23. Combinations of letters and numerals

Date Published

Trade marks consisting of combinations of letters and numerals will generally be considered prima facie capable of distinguishing goods if there is no common need for their use.

Each combination should be viewed in the context of the goods claimed and on the basis of appropriate research.  If the combination has a specific meaning in relation to the goods claimed, then a ground for rejection is appropriate.

Care should be taken in relation to technological products, clothing, automobiles and whitegoods, where letter/numeral combinations are likely to be in common use to indicate size, date, quantity, time, power, speed or strength.  For example: size (41R clothing, 4x4 vehicles), date of production (Jun 07), quantity (100 ml), quality (A1), time of production (2 pm), power (120 hp for engines, 40 w for lighting), speed (80 k or 4 MHz) or strength (% vol alcohol, psi 63800 wire).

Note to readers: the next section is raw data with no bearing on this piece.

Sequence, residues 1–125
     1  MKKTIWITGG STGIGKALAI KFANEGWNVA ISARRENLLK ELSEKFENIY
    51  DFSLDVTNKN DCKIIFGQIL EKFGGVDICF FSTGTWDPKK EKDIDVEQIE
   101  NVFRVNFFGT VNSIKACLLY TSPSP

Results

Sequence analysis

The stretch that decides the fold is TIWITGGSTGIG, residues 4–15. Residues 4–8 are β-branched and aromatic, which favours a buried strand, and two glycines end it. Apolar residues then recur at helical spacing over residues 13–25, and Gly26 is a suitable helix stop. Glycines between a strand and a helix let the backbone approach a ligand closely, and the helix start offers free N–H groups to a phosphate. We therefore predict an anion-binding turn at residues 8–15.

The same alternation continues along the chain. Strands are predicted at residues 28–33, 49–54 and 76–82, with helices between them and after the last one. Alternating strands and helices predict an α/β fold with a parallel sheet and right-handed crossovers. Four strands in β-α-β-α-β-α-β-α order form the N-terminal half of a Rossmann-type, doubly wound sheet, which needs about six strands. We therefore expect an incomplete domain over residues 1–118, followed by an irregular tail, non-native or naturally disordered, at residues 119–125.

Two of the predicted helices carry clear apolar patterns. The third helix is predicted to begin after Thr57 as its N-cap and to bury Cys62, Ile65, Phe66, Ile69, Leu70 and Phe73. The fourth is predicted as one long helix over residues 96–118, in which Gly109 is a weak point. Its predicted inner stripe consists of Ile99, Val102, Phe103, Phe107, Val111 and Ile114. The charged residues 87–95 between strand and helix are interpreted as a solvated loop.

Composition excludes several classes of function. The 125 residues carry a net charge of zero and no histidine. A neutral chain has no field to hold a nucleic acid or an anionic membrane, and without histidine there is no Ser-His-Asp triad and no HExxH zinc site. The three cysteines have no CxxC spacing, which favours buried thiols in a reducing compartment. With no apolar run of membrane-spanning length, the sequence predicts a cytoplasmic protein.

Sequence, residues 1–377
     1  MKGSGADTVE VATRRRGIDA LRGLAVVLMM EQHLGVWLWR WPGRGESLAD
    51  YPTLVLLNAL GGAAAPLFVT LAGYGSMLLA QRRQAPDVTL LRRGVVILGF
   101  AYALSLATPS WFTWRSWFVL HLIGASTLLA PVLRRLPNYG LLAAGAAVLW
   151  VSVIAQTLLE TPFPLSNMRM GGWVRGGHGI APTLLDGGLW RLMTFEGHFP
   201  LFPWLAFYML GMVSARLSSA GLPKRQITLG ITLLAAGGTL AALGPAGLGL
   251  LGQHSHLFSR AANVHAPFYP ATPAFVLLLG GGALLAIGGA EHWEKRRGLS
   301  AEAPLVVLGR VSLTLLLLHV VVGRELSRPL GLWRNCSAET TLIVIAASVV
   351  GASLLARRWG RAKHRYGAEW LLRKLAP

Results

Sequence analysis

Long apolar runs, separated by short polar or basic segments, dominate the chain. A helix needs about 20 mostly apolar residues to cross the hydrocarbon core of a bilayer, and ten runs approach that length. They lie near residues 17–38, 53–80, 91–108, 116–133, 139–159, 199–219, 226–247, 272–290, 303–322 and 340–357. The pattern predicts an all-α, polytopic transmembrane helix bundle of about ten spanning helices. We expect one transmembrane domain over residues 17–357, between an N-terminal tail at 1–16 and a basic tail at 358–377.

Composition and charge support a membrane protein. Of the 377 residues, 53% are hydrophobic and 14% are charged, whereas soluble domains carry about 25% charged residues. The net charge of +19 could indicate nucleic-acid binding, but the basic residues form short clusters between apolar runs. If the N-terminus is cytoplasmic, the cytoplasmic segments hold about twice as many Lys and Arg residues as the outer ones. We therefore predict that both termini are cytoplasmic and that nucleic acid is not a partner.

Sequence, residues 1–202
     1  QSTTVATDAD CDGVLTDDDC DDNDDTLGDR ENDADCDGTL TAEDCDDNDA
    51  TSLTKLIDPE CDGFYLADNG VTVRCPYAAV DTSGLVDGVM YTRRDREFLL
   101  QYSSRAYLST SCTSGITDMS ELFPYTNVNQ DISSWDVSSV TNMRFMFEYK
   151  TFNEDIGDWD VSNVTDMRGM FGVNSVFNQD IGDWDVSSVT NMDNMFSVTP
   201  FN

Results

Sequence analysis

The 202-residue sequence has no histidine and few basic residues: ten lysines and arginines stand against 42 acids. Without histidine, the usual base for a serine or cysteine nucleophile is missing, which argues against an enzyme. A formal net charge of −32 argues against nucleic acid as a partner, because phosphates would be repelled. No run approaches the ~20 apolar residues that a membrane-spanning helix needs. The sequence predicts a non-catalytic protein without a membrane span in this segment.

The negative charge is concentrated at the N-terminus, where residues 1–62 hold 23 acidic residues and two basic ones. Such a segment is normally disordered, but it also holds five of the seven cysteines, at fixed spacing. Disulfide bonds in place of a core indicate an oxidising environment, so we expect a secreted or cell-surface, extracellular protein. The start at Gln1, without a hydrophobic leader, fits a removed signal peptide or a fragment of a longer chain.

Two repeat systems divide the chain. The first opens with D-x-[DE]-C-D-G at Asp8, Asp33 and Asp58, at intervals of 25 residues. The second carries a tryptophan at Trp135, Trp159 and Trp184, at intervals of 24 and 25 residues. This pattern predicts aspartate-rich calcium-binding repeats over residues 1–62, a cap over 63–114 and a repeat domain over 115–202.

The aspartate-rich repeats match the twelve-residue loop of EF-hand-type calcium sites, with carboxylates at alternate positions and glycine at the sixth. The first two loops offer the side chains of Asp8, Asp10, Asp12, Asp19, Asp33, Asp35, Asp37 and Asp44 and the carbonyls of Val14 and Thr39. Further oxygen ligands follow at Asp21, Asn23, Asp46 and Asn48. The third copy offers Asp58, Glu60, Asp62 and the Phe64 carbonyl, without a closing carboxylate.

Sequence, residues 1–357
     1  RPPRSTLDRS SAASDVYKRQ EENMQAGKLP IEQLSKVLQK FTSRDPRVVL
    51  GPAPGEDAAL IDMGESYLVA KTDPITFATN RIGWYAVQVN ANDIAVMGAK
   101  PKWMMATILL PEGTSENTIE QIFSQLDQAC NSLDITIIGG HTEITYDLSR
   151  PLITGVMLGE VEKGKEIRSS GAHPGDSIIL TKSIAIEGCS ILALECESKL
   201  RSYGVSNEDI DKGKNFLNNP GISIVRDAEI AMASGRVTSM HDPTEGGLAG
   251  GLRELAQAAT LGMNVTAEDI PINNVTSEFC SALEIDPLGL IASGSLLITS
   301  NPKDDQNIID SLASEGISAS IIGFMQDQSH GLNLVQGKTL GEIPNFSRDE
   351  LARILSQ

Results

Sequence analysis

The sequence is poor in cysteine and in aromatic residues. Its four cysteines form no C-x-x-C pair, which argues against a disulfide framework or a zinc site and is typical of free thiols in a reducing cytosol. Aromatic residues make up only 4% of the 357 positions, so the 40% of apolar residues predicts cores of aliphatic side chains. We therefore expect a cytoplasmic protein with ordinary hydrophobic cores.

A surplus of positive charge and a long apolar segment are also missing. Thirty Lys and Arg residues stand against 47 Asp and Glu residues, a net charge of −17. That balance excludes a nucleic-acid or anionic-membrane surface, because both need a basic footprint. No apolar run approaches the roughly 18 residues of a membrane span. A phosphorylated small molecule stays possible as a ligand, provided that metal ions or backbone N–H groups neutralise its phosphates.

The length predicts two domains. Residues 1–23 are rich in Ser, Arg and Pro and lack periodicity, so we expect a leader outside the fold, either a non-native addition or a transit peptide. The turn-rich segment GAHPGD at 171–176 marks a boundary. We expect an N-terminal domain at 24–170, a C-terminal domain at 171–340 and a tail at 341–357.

Combinations of letters and numerals will generally be considered inherently adapted to distinguish services as it is not likely that traders would need such combinations to identify their services.  However, if the combination has a specific meaning in relation to the services claimed, then a ground for rejection is appropriate.

Three or more letters, which are in themselves registrable, when combined with a numeral would generally result in a trade mark which is not likely to be required for use by other traders.